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 A Guide to Music Mark-up Language

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Join date : 2010-09-19
Age : 26
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PostSubject: A Guide to Music Mark-up Language   Mon Dec 06, 2010 7:20 pm

For those of you out there who want to contribute to Mabinogi's slowly expanding library of music, this thread is for you.

ITT: You will learn how to use Music Mark-up Language (MML) and little bits of music theory

Before we can learn any bit of how to use MML, you must know what it is. So:

Music Mark-up Language (MML) - an encoded music which uses letters, numbers, and select symbols (+,-,#) to produce sound

But what is music?

Music is organized sound produced by instrument (may be pitched or non-pitched) or voice.

Next, we move onto the notes you are allowed to use:

a, b, c, d, e, f, g

Each of the above letters will produce a sound. So, before we move on, let's sort out distances before things become a little complicated. For the sake of ease, we'll use C as the base pitch.

C - D is a Major 2nd apart

C - E or F- is a Major 3rd apart

C - E# or F is a Perfect 4th apart (I'll go over why it's Perfect later)

C - G is a Perfect 5th apart

C - A is a Major 6th apart

C - B is a Major Seventh apart

C - C is an octave apart (provided the second C is raised using the octave code or >)

Now, as you noticed so far, there's two specific names for each distance: Major and Perfect. The reason this is so is because of what happens if you invert the base note.
Say we make D the base and it's reaching up to C, that would be a minor 7th. If we make A the base and it's reaching up to C, that would be a minor third. The basic rule here is that Major distances will be inverted into minor distances.
However, let's try the perfects. If G is the base and it's reaching up to C, that's a Perfect 4th. If we put F as the base and it's reaching up to C, that's a Perfect 5th. In this case, a Perfect distance will be inverted into a Perfect distance.

However, wouldn't it be boring if we could only use the above 7? This is where accidentals come in.

Accidental - a symbol placed directly next to a note (in MML it would be x+ as an example) in order to lower, or raise the note value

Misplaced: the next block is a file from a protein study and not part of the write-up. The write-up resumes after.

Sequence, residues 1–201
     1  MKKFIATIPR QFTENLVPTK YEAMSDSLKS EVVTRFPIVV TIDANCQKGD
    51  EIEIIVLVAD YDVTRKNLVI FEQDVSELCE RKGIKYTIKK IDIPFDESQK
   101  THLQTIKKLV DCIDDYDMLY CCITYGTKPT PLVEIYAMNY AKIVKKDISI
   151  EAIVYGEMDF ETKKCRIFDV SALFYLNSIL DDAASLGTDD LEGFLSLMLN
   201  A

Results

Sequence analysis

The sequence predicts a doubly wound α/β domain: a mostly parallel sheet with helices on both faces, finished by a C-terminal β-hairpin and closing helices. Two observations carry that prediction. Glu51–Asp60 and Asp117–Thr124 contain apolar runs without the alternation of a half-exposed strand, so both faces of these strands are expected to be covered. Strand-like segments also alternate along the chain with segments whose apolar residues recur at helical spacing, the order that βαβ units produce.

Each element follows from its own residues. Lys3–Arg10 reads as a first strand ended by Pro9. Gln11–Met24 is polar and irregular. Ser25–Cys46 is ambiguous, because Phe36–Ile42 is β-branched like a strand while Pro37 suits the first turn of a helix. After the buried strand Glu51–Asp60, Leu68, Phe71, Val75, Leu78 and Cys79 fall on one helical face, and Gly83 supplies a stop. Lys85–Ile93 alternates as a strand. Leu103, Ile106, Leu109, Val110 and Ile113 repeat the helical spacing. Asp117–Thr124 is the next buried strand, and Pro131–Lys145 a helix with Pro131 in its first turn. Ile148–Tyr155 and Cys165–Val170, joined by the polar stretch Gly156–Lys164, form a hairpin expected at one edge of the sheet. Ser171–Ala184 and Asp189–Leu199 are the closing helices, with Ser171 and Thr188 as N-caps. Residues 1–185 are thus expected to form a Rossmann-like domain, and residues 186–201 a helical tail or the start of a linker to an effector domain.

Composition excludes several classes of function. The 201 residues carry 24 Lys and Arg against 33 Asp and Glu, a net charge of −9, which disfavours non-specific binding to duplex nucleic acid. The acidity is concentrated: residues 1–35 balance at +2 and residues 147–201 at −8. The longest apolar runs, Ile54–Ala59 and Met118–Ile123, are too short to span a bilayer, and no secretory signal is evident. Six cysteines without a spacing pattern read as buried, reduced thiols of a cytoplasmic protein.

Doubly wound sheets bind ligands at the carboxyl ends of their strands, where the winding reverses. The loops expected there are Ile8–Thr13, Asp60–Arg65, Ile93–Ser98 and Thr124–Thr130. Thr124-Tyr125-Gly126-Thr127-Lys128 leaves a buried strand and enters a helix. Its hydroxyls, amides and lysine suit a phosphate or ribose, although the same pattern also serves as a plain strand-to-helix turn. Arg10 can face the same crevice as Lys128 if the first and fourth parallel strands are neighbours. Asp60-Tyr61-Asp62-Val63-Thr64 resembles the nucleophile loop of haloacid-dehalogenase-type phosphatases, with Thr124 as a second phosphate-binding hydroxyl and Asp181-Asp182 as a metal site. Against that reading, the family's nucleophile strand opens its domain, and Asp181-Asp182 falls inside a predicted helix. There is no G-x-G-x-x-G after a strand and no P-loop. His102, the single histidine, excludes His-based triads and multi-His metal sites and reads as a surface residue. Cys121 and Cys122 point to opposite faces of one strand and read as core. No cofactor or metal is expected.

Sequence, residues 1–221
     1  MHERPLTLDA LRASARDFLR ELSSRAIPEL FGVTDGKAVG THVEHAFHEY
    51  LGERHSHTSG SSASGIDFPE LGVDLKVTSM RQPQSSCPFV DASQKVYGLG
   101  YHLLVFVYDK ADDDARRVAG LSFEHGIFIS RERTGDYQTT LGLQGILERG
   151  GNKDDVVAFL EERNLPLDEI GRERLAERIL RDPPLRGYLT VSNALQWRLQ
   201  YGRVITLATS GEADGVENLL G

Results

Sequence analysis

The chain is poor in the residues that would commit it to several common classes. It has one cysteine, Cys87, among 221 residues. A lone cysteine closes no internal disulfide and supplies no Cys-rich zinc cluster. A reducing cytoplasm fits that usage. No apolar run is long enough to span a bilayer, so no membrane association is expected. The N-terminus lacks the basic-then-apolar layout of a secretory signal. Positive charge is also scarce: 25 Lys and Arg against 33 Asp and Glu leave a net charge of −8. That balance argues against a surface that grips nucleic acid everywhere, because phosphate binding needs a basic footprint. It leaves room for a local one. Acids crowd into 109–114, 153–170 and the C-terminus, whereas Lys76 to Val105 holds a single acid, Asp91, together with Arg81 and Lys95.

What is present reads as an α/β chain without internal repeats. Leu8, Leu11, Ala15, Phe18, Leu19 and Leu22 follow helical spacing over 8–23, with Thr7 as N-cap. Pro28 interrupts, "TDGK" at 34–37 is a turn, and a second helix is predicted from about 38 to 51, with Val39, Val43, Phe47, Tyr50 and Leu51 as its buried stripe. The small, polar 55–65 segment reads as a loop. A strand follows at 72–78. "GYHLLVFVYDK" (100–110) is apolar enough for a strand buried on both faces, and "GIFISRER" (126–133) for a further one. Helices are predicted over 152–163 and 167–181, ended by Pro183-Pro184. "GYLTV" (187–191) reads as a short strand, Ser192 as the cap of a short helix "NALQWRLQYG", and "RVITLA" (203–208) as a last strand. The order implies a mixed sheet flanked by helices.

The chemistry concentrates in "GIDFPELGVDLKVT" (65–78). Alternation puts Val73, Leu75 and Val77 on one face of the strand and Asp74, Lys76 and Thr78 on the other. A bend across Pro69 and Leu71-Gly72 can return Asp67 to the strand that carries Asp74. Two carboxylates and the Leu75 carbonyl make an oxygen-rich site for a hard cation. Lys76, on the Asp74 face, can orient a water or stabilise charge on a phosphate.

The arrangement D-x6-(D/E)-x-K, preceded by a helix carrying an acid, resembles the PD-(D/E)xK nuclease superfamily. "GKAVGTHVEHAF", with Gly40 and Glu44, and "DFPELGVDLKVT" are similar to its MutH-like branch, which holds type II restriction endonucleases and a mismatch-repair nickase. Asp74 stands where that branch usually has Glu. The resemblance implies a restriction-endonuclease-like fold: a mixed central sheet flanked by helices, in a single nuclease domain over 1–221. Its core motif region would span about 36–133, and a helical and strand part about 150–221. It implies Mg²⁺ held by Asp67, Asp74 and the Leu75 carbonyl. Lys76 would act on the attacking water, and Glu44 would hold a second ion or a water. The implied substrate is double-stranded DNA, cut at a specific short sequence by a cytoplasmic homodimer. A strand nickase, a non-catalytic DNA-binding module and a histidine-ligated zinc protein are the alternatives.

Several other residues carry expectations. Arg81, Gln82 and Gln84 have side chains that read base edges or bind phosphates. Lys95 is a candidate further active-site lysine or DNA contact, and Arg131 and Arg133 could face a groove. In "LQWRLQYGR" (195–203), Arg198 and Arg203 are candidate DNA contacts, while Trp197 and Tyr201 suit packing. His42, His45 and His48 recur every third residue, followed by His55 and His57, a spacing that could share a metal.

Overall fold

Some examples: f#, c-, a-, d+

A sharp sign raises the value of a note by one half step.
# or + would be used in the place of a sharp sign.

A flat sign lowers the value of a note by one half step.
- would be used in the place of a flat sign.

So, with that said, we have new distances to add to our list. We'll use C again as our base.

C - C# or D- is a minor 2nd apart

C - D# or E- is a minor 3rd apart

C - F# or G- is an augmented 4th or diminished 5th apart (I like to call this a Tri-tone)

C - G# or A- is a minor 6th or augmented 5th apart

C - A# or B- is a minor 7th apart

Applying the inversion of the rule we shown above, all the minor distances become Major if we invert them. So, C# to C is a Major 7th. A- to C is a Major 6th.
The Augmented and diminished distance is a bit complicated, so we'll save that for later.

This is all I'll post for now. I'll add on with the tree of note values next as well as the pattern to make a scale next post. That will be next Monday. If there's anything you're confused about, please post.
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Posts : 126
Join date : 2010-09-19
Location : Montana

PostSubject: wowza!   Thu Dec 09, 2010 9:30 pm

piko u never cease to amaze me I love you
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A Guide to Music Mark-up Language
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